234 posts · 317,093 views
The paper I'm about to discuss is a minefield of potential misconceptions that arise from the way we often use language do describe natural phenomena. This is a situation where it would be easier to start with a disclaimer ... a big giant obvious quotation mark ... and then use the usual misleading, often anthropomorphic language. But I don't think I should do that. We'll address this research the hard way, but the result will be worth the extra work.
Here is the basic hypothesis. The null m........ Read more »
Merav Parter, Nadav Kashtan, & Uri Alon. (2008) Facilitated Variation: How Evolution Learns from Past Environments To Generalize to New Environments. PLoS Computational Biology, 4(11). DOI: 10.1371/journal.pcbi.1000206
Maize weevil, Sitophilus zeamais [usda] ... or the corn rust or the corn root cutter or whatever pathogen that comes along that cannot be fought off with a cleverly concocted combination of chemicals. This is because all we eat is corn, or so it seems.
In a paper just published in PNAS, scientists use stable isotopes to estimate the contribution of corn to the standard American diet of meat and fries from fast food. They sampled a disgustingly large number of not so happy meals from Burge........ Read more »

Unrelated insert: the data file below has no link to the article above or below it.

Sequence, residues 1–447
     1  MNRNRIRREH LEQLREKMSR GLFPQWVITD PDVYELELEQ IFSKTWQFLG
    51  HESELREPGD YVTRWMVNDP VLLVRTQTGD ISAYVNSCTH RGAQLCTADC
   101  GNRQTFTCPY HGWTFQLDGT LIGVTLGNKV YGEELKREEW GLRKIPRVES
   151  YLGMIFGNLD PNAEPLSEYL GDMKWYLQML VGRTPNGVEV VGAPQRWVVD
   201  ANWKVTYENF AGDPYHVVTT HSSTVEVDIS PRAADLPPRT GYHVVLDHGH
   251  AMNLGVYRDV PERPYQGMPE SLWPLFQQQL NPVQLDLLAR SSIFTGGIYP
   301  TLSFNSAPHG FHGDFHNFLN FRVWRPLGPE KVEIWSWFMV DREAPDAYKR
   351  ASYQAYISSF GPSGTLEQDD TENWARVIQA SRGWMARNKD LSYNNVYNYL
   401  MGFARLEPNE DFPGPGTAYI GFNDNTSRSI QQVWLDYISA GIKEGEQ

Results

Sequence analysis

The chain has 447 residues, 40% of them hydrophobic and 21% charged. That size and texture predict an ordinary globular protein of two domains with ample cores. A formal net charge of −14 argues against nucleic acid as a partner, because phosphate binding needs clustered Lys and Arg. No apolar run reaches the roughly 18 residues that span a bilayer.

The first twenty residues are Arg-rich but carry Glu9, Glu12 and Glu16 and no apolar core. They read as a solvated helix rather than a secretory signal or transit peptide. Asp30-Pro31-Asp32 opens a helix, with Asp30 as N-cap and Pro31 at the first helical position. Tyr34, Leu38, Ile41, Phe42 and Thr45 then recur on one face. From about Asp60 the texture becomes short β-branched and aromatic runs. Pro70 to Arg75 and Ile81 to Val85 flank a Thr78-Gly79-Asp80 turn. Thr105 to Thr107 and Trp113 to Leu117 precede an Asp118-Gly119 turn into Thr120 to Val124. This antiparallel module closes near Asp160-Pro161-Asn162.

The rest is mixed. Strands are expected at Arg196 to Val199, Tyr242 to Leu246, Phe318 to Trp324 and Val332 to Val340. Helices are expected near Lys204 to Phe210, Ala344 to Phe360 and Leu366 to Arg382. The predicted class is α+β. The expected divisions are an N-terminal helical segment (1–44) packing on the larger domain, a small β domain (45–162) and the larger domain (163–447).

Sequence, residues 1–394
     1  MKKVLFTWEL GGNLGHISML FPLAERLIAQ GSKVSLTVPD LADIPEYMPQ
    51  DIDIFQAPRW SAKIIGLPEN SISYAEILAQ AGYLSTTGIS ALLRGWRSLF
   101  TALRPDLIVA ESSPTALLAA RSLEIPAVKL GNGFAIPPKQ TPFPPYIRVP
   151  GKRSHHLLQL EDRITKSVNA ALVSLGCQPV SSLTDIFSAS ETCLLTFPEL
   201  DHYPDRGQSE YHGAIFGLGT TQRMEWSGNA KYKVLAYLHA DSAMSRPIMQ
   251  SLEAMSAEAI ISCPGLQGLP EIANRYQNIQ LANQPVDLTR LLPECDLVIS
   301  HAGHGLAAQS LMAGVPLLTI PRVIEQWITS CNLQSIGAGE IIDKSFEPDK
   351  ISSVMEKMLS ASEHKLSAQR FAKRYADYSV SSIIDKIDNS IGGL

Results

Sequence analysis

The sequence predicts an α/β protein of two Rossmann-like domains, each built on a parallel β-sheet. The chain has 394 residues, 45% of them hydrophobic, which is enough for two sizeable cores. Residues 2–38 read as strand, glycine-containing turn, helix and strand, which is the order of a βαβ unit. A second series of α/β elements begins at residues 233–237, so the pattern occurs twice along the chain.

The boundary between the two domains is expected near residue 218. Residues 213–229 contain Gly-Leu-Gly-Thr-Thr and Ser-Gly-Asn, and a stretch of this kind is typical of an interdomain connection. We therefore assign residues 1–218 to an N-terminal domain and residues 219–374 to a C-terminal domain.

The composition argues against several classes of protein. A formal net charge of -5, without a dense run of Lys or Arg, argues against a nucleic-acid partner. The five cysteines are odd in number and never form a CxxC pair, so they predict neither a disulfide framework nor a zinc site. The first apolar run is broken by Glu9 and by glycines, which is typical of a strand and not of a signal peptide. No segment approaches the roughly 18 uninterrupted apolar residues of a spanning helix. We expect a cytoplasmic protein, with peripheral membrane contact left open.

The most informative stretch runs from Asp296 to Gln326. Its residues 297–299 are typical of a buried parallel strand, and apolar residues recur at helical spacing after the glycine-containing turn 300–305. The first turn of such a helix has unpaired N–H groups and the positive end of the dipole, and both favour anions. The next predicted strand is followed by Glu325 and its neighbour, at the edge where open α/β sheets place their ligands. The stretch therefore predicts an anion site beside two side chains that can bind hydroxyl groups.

A. H. Jahren, & R. A. Kraft. (2008) Carbon and nitrogen stable isotopes in fast food: Signatures of corn and confinement. Proceedings of the National Academy of Sciences. DOI: 10.1073/pnas.0809870105
It is hard to kill fungus. Well, not really. They can't handle being burned and chlorine does them in and lots of other chemicals are bad for hem. But when a fungus infects a person ... like with Aspergillos, an infection with Aspergillus in the lungs, fungi are tricky. To kill an infectious agent, one typically poisons it somehow, but to ingest, inject, inhale, or even topically apply a chemical may also affect the person. The reason it is relatively easy to kill an infecting bacterium than........ Read more »
Eveline Snelders, Henrich A. L. van der Lee, Judith Kuijpers, Anthonius J. M. M. Rijs, János Varga, Robert A. Samson, Emilia Mellado, A. Rogier T. Donders, Willem J. G. Melchers, & Paul E. Verweij. (2008) Emergence of Azole Resistance in Aspergillus fumigatus and Spread of a Single Resistance Mechanism. PLoS Medicine, 5(11). DOI: 10.1371/journal.pmed.0050219
Cute baby lions. When they grow up, they will want to eat you. I'll never forget the first wild lion I ever saw. It was a pitch black night, on the savanna in the Western Rift Valley. I had climbed on top of the hood of the Land Rover, engine off, but headlights on. My plan was to search the horizon for lights indicating the presence of the research camp I was trying to find. Once I was on the hood, I was about to tell my colleague, still in the vehicle, to cut the headlights so I could s........ Read more »